Fault protection is a critical function of all power supply controllers. Nearly all applications require some kind of over-load protection. For peak current-mode controllers this is easily accomplished by limiting the maximum peak current. In a discontinuous flyback, placing a limit on the peak current ultimately limits the power that the supply can draw from the input source. However, limiting the input power does not limit the output current of a supply. When the input power is held constant in an overload fault, as the output voltage drops, the output current rises (P=V*I). In the event of a short circuit, this can place unacceptably high losses in output rectifiers or system power distribution. With a little creativity and a few extra components, this article shows you how a simple peak current limit can be modified to turn the power supply into a constant current source, rather than a constant power source.
Fig. 1 shows the ideal output voltage versus current for both constant power and current limits. In both cases, the overload fault protection is set to occur at 120 percent of the maximum rated load. In a system with power limit, the output current rises as the inverse of the voltage as the load is increased. In a real system, the flyback controller with power limit may shut off at some point due to loss of bias voltage on the controller. By comparison, the system with current limit immediately shuts down once the overload threshold has been crossed. Current limit can be accomplished by directly sensing the load current on the secondary side of the isolation boundary. However, doing so requires significantly more circuitry, degrades efficiency, and is usually cost prohibitive.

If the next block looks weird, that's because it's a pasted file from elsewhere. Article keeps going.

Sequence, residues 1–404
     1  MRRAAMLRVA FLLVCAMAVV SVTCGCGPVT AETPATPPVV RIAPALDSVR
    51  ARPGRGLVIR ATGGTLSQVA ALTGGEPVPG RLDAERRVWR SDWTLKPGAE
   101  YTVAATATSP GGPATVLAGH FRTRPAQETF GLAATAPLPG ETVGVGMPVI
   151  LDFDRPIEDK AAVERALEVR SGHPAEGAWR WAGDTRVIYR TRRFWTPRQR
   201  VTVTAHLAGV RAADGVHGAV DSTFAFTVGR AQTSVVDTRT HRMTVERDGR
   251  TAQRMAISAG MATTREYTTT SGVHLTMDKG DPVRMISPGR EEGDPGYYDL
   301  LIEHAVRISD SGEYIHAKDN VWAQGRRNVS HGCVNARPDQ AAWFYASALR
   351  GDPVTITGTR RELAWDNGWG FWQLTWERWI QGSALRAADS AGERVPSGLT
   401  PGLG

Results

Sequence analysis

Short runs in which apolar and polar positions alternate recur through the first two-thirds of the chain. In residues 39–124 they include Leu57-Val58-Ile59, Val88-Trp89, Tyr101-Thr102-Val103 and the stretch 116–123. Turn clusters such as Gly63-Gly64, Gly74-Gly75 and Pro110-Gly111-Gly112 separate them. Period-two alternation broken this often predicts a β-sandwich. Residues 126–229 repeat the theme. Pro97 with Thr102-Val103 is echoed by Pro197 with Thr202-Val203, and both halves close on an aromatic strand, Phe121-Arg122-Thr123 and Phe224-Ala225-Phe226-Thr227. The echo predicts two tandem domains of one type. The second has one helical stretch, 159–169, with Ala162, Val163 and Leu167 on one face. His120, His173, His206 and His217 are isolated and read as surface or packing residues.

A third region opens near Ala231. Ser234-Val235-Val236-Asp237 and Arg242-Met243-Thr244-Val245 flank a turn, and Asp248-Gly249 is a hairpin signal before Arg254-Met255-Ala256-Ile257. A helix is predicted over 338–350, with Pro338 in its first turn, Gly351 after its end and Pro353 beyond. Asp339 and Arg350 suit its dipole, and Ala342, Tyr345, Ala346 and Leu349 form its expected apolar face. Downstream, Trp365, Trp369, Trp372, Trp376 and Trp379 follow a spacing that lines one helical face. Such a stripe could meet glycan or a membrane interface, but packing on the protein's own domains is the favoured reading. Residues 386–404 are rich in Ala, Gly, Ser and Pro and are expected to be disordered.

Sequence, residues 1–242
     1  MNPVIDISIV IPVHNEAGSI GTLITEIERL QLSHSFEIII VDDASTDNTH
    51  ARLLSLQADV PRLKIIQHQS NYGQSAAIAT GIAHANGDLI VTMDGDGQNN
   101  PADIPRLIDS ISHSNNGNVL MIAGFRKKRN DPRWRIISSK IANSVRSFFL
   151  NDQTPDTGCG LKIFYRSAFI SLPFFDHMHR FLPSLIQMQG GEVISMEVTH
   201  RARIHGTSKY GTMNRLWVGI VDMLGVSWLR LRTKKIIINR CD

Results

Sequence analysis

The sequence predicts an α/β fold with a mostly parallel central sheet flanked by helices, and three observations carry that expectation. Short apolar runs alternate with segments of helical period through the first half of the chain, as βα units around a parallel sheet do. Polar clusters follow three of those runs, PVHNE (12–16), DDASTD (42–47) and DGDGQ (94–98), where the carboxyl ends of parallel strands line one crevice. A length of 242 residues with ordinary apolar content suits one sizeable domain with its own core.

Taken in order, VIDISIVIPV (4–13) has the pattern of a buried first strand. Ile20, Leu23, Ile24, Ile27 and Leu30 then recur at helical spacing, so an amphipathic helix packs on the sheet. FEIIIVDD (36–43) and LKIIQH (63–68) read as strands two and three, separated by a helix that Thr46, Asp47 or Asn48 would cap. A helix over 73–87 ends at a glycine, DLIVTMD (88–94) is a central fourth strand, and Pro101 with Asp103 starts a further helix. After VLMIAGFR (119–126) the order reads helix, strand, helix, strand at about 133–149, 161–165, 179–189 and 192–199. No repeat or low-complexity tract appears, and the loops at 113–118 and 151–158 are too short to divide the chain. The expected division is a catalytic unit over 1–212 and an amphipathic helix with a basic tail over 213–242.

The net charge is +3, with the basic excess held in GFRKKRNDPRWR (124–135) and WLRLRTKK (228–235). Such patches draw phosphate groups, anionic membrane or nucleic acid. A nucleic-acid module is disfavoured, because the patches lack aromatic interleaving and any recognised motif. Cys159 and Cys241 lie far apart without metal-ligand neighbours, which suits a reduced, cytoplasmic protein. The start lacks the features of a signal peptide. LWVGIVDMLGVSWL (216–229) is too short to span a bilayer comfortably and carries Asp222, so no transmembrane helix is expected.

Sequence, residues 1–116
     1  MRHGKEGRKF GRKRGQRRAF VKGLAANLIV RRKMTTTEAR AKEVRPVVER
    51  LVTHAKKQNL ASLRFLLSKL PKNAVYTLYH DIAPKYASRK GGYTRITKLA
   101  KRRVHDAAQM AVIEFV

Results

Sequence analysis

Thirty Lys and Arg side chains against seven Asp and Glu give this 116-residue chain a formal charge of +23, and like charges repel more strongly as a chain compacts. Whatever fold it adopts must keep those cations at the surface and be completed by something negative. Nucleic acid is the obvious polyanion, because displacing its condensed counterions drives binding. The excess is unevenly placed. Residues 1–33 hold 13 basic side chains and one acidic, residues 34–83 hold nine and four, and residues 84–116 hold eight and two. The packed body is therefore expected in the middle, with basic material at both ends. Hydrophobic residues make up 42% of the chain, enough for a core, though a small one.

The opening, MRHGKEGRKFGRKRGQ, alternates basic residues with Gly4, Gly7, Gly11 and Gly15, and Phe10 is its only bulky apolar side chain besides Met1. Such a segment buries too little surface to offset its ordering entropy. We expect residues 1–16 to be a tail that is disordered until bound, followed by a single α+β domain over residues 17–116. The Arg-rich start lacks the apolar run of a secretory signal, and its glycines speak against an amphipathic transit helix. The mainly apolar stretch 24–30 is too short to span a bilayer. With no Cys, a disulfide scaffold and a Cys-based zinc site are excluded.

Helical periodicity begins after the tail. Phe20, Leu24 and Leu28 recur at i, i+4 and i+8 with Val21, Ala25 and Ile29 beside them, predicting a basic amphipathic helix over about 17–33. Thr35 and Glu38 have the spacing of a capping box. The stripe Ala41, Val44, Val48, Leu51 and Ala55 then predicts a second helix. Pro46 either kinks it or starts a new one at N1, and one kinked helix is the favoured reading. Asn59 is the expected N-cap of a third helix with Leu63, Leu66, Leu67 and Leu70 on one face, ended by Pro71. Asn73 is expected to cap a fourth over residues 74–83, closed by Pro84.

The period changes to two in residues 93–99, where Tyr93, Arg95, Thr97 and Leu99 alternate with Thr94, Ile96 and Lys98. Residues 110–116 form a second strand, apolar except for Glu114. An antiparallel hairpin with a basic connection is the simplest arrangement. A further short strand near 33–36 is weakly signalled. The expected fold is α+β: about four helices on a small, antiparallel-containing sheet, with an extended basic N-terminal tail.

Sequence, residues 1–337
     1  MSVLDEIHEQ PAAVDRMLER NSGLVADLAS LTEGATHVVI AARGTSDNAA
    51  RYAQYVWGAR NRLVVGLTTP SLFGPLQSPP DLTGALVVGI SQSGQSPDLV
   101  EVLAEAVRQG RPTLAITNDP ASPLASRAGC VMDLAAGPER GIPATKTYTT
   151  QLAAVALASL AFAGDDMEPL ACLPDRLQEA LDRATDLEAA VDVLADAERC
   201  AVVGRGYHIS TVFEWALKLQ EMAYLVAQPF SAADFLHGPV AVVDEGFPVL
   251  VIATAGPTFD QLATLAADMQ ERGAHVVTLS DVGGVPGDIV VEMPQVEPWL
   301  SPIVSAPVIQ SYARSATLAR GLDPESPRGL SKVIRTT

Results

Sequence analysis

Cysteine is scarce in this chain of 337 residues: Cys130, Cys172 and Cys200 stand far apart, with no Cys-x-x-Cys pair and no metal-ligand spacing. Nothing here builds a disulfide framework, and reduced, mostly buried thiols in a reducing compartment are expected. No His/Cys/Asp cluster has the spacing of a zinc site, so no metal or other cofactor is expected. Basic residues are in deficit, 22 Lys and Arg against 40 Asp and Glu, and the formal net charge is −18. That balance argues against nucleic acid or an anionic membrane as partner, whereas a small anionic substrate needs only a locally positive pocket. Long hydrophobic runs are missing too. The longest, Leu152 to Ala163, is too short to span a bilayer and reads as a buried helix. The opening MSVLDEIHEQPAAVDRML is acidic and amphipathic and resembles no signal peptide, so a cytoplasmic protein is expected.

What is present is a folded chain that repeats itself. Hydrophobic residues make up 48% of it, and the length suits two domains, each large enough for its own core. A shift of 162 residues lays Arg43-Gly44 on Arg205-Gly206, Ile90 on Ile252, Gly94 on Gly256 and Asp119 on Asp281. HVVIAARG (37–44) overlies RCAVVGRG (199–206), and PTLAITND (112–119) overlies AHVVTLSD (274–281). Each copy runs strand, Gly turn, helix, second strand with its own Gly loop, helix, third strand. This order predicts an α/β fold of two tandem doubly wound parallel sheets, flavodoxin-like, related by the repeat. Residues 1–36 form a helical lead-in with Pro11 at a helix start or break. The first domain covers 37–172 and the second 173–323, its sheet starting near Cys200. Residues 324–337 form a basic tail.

Fig. 2 displays the schematic of a 5V/5W discontinuous flyback power supply used in a charger for mobile devices. In our example, we used the UCC28C44 controller, which is typical of most economy peak-current mode controllers and implements a power limit function. In a discontinuous flyback, neglecting the effect of efficiency, the power delivered to the load (P) is given by Equation 1.
Because both the transformer inductance (L) and switching frequency (f) are fixed, the output voltage (VOUT) is regulated by controlling the peak primary current (IPK). As the output current (IOUT) is increased, the voltage begins to decrease, but the feedback loop demands a higher peak current to maintain voltage regulation.
Inside the flyback converter, the feedback voltage on pin 1 (COMP) is compared to the peak current, which is sensed by R15 and filtered by R13 and C12. A separate over-current comparator terminates a pulse, if the current sense voltage ever reaches 1V. This limitation of peak current is how the power limit is realized in most pulse-width modulation (PWM) controllers. With the power held constant, Equation 1 can be rearranged as shown in Equation 2. In this equation, it is easy to see mathematically how the output current is inversely proportional to the output voltage during power limit.
Some controllers also contain a second comparator that is tripped by peak currents that are higher than the first level comparator. This second level comparator triggers a complete shutdown of the controller and initiates a restart cycle. This extra level of protection is designed to catch catastrophic failures within the power supply itself, for example, a shorted transformer winding or shorted output diode. But most situations that involve shorted loads typically never cross this threshold.